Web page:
December has become consistent with the Chinese curse, "May You Be Born In Interesting Times." We are up to our armpits in wars, and each is very different. Qualcomm and Intel are fighting for 5G control, and Intel is tearing itself apart. Microsoft passed Apple in valuation, largely because it has not been focusing on Apple.
Canadian authorities just arrested the daughter of the Huawei founder, at the request of the United States, cratering the stock market again, and setting up a chain of events that could ensure that President Trump might lose not only the next election, but everything.
I"ll share my thoughts about those things and close with my product of the week: the Always Connected Lenovo Yoga C630, the laptop that showcases our coming always-connected 5G future.
One unpleasant aspect of my job is that I get really sick of watching companies repeat mistakes. I think I should publish a book of mistakes and number them, and then I could save myself a lot of words by just saying I"m going to talk about mistake No. 42, and then move on to something new and interesting.
I"m writing this from Hawaii, where Qualcomm held a brilliant December event, showcasing its 5G progress and launching its 855 5G platform, which easily overwhelms anything Intel is capable of in 2019 in mobile.
I can say this because we already know Intel is more than a year out with its competing solution and is showcasing benchmarks with its next solution, which is only marginally competitive with what Qualcomm is shipping today.
Even with this event, Qualcomm is out-executing Intel. By choosing Hawaii, the company attracted the folks it wants to influence, drawing them away from the other conferences going on this same week. At the end of the year, most of us are sick of travel, so another trip to New York or some other freeze-your-butt-off location doesn"t appeal to us.
Further, Hawaii is between Asia and the U.S., making it convenient for both markets. Also, because we can bring our families (at our own cost), this becomes a forced vacation, allowing our significant others to escape the cold. This makes them appreciate Qualcomm and turns us into heroes.
This is something Intel just doesn"t get, having killed IDF, its event designed to focus people on its products. At its event next week, a tiny subset of this group will show up already primed to be skeptical of anything the company showcases.
At the same time, Intel"s board has been unable to select a new CEO, being torn between hiring an ex-Qualcomm executive and someone who actually knows something about the market the company is in, rather than the one it continues to fail to penetrate. (To be fair, Qualcomm doesn"t get servers either, but it wisely backed away from that effort.)
I"m coming around to the idea that the "I" in Intel stands for "idiot." Apple"s favor is the only reason Intel even has any presence in mobile, and we know Apple is both planning to move away from Intel"s core x86 platform and hiring its own modem people, with the clear intent of separating from Intel entirely. Yes, the "I" in Intel stands for "idiots."Microsoft vs. Apple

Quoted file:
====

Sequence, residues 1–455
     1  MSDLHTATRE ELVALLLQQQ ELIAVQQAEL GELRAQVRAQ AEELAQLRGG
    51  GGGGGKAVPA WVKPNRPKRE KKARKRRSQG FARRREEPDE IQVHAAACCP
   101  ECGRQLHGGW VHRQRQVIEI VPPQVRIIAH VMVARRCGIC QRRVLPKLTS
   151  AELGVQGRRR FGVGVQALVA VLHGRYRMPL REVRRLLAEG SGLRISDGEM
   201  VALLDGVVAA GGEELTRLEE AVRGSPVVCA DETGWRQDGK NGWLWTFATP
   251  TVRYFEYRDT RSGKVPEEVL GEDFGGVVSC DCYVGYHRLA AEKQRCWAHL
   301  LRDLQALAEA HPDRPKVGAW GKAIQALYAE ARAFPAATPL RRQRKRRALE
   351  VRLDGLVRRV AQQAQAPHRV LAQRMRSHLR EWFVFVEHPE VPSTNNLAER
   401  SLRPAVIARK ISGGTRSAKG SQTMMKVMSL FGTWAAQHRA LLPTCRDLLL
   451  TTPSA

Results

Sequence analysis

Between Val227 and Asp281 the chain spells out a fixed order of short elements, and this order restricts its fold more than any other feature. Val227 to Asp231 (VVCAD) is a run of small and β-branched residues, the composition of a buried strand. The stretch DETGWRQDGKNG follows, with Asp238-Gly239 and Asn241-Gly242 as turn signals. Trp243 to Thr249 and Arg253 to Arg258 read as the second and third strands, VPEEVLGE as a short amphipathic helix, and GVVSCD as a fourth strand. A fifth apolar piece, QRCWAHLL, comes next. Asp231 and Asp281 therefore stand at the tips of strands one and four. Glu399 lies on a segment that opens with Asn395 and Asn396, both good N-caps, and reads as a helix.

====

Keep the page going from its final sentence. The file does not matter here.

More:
Microsoft passed Apple in valuation not by focusing on Apple, as it did so horribly with Zune, but by focusing on making customers happier. Yes, it did roll out the Surface hardware, but Surface isn"t hurting the iPad Pro as much as Apple"s inability to pick and support one platform.
Apple has signaled that it will kill off the Mac, but it seems unable to actually pull the trigger, which isn"t exactly helping sales of either platform. It has doubled down on the lock-in strategy, which it believes will keep users from escaping increasingly inferior offerings. However, rather than focusing on making its users happy, it has focused on cutting costs while raising prices.
That never ends well. A similar strategy almost killed IBM in the 1980s and Microsoft in the 1990s. (It did effectively kill both AT&T and RCA.)
Microsoft last week announced that rather than lock customers into Edge or work to destroy Google Chrome, it would embrace Chromium. This strategy will allow Microsoft to focus on things like better security, performance, and user experience, rather than carrying on a pointless standards war with Google.
In effect, Microsoft is beating Apple by ignoring Apple and instead focusing on making its users happier. I"m pretty sure that is Business 101, and I remain shocked that it seems to be more an exception than a rule in the tech segment. Apple"s latest "brilliant" move is to stop reporting unit sales, which conceals how badly it has been doing.
If you look at the annual performance of both firms, Microsoft has been kicking Apple"s butt, and that is because it really don"t care about Apple anymore. Microsoft has been focusing on doing the right thing for users.